For example, if the state's race and sex preferences result in lesser-qualified preferred applicants getting jobs and school admissions over more-qualified rejected applicants, then the race and sex preferences have gone too far. They are no longer serving their prevention and remediation role, but are resulting in the very evil that they were intended to combat: the awarding of positions on the basis of race and sex to lesser-qualified applicants. They simply have changed the race and sex of the lesser-qualified applicants who obtained their positions and changed the race and sex of the more-qualified applicants who were displaced.

Therefore, for Henderson's premise to be true, the race and sex preferences must be so carefully crafted that they will yield the same employment pool and student body that would have resulted if the best qualified applicants were selected without regard to race and sex.

However, it is virtually impossible to predict how many individuals who are not white males will be among the best-qualified applicants and how many of those will be rejected because of race or sex discrimination in the absence of the preferences Henderson protects.

Consider the example of a state employee who was going to make hiring decisions without regard to race and sex and thereby select the best-qualified applicants. Suppose the employee's legitimate selection of the best-qualified applicants would yield only white males. If prophylactic race and sex preferences in favor of those applicants who are not white males is enforced, then some of these preferred applicants, who are not among the best-qualified, will get jobs at the expense of better-qualified applicants.

In this case the preferred applicants did not receive a prophylactic remedy; rather, they received an undeserved benefit that should have gone to someone more qualified.

Now change the example so that the hiring employee is going to discriminate against applicants who are not white males and some of these applicants are among the best-qualified who deserve to be selected on the basis of individual merit. Suppose that this would result in the hiring of some white males who are lesser-qualified at the expense of those applicants who were better-qualified, but were not white males.

In that situation, if the hiring employee was forced to use race and sex preferences against white males, it is possible that those individuals who are not white males, who deserve their jobs on the basis of merit, but who would have been rejected on the basis of race or sex, will be hired and everybody hired will be better-qualified than those who were rejected.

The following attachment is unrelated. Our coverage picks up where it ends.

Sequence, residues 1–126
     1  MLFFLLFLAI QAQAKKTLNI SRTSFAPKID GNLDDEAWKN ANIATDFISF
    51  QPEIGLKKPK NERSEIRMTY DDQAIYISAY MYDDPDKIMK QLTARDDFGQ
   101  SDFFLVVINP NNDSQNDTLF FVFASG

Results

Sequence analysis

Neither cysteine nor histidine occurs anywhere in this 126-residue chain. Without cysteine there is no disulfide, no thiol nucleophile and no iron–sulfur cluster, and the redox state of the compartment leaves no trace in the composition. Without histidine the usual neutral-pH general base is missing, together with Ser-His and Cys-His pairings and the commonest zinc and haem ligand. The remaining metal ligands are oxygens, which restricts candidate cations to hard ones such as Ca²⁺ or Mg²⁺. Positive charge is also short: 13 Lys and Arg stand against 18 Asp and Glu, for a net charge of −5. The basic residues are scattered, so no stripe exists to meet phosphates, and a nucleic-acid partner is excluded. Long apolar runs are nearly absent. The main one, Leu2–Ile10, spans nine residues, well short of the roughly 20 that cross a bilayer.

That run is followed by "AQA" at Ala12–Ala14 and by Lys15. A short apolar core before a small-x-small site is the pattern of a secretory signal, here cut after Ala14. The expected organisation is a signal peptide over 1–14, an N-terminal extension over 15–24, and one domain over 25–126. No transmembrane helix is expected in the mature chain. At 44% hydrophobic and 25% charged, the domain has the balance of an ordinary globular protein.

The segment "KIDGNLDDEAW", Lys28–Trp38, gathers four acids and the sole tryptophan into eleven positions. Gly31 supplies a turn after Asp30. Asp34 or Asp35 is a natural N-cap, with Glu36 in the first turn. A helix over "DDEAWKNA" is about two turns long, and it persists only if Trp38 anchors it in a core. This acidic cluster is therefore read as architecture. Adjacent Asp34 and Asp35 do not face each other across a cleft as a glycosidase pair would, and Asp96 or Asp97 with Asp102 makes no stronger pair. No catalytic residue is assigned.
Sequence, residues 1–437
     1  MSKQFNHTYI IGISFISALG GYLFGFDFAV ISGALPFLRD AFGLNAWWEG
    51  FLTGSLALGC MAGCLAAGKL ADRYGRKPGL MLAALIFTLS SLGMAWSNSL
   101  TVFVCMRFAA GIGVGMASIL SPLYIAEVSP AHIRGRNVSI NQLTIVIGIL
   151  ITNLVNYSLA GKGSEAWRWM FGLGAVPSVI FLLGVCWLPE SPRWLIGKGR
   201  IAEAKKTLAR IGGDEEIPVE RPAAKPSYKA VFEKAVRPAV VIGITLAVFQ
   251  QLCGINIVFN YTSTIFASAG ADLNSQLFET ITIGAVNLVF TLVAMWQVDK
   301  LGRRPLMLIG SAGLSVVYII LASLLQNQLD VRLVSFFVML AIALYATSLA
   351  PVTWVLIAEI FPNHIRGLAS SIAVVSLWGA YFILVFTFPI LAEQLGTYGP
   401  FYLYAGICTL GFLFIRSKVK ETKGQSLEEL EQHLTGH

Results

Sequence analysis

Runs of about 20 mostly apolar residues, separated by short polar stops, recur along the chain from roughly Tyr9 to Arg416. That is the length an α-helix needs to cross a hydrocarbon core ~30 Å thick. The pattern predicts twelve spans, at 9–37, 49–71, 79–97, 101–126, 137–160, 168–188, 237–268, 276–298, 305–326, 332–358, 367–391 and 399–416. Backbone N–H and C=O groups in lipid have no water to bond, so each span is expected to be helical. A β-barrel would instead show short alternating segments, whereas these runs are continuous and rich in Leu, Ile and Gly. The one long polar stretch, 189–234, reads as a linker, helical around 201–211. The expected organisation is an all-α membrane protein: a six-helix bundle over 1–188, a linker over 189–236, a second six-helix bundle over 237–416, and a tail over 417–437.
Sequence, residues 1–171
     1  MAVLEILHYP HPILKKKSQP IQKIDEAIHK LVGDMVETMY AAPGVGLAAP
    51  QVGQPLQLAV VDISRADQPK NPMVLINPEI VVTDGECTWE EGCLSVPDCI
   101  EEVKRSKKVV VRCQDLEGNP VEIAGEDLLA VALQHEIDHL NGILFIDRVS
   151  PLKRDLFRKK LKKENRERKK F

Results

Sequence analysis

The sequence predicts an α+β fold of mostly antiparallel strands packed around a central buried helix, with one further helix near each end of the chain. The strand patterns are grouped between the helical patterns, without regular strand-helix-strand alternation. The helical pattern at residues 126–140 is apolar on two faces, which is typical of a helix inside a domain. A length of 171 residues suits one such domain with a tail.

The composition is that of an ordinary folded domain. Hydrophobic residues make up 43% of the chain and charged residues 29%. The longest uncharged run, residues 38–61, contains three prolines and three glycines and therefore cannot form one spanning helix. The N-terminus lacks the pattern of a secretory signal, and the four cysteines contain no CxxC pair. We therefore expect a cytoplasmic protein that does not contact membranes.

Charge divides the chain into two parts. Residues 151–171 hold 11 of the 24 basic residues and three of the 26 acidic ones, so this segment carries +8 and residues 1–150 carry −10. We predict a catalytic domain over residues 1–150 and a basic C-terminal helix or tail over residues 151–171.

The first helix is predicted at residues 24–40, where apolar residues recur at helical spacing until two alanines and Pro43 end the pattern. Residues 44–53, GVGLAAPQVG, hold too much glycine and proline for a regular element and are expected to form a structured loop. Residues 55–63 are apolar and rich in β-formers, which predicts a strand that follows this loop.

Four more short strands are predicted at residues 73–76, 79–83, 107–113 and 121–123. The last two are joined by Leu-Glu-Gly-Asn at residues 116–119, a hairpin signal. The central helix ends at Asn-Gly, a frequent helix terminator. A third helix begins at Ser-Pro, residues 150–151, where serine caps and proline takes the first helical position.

But this only will be true if the correct degree of race and sex preference is applied. Grant the race or sex preferences to too many individuals in this example and you have deliberately created the evil you sought to prevent -- hiring of the lesser-qualified over the better-qualified -- only with different races and sexes in the roles of victims and beneficiaries.

The necessary foundation for a legitimate implementation of Henderson's prophylactic remedy -- the ability to precisely predict how many better-qualified applicants who are not white males will be rejected because of race and sex in favor of lesser-qualified white males -- is absent from Henderson's opinion. Since neither Henderson or anybody else has the necessary foresight, and nothing in his opinion explains how the race and sex preferences he protects can be made precise enough to prevent lesser-qualified individuals from getting undeserved benefits at the expense of better-qualified individuals, his justification for the preferences evaporates.

This is especially true with regard to the University of California. Over the last quarter century there is no evidence that the university has discriminated against any applicants on the basis of race or sex, except for those who are white or male (and Asian in later years). Therefore, applicants who are not white males are not entitled to any remedy from the university because it has not used their race or sex against them.

Furthermore, there is no basis for imposition of a prophylactic remedy on the university. Henderson failed to cite any evidence that it will use race or sex against individuals who are not white males in the future under any circumstances. Indeed, such discrimination appears extremely unlikely given the university's history of race and sex discrimination against many white males. Moreover, the objectively verifiable nature of the university's primary admissions criteria -- grades and test scores -- makes such discrimination virtually impossible to hide, further diminishing the need for prophylactic race and sex preferences.

So in the name of providing a prophylactic remedy for applicants who are not white males, Henderson prevented implementation of Proposition 209 by a university that never engaged in the conduct for which the remedy is designed and based on all available evidence, never will do so.

Henderson also failed to show that other state action that distributes scarce resources largely on the basis of objectively verifiable criteria -- like civil service test scores and monetary bids for contracting jobs -- needs to be subjected to the prophylactic remedy of the race and sex preferences he protects.

Indeed, the main thing Henderson's opinion shows is the remedial need for appellate courts.

Los Angeles Daily Journal and the San Francisco Daily Journal, December 31, 1996, p.6.  Each of these newspapers primarily serves the legal community.